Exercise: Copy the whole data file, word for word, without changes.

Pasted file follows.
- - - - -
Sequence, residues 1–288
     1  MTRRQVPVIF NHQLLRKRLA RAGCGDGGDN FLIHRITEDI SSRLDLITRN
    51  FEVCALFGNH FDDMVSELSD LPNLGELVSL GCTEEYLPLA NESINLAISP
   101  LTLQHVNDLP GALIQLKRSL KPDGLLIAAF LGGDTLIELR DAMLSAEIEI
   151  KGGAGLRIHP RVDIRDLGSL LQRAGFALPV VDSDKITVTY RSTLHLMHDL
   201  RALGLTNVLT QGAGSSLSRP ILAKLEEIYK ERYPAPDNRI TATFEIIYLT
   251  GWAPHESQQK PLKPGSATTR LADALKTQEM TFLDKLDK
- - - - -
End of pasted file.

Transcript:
Sequence, residues 1–288
     1  MTRRQVPVIF NHQLLRKRLA RAGCGDGGDN FLIHRITEDI SSRLDLITRN
    51  FEVCALFGNH FDDMVSELSD LPNLGELVSL GCTEEYLPLA NESINLAISP
   101  LTLQHVNDLP GALIQLKRSL KPDGLLIAAF LGGDTLIELR DAMLSAEIEI
   151  KGGAGLRIHP RVDIRDLGSL LQRAGFALPV VDSDKITVTY RSTLHLMHDL
   201  RALGLTNVLT QGAGSSLSRP ILAKLEEIYK ERYPAPDNRI TATFEIIYLT
   251  GWAPHESQQK PLKPGSATTR LADALKTQEM TFLDKLDK